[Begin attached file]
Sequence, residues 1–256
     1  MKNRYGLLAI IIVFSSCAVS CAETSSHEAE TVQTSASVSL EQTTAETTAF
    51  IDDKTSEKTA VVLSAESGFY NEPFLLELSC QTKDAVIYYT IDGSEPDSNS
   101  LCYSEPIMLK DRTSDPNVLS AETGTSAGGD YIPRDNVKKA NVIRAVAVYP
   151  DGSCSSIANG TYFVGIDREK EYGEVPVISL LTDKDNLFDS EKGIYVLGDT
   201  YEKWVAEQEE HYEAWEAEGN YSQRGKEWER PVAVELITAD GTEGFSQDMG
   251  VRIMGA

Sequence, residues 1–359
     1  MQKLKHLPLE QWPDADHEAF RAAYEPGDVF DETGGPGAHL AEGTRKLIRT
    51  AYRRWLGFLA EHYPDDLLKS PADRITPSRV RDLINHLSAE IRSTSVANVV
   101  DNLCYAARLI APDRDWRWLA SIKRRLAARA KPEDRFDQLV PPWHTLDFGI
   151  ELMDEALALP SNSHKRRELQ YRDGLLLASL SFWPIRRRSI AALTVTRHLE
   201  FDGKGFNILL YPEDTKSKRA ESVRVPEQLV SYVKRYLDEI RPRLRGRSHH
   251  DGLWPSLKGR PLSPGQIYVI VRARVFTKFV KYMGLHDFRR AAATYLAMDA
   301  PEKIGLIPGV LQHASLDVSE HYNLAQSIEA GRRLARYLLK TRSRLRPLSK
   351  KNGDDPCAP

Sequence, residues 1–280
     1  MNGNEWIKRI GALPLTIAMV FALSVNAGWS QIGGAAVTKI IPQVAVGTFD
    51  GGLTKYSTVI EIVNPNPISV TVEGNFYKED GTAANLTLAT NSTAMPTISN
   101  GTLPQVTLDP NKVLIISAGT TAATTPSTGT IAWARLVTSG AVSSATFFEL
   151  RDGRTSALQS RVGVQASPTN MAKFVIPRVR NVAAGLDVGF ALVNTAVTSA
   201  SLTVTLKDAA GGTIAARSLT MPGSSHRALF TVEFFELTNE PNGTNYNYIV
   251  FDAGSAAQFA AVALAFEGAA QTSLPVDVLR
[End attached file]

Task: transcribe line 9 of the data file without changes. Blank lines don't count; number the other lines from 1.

     1  MQKLKHLPLE QWPDADHEAF RAAYEPGDVF DETGGPGAHL AEGTRKLIRT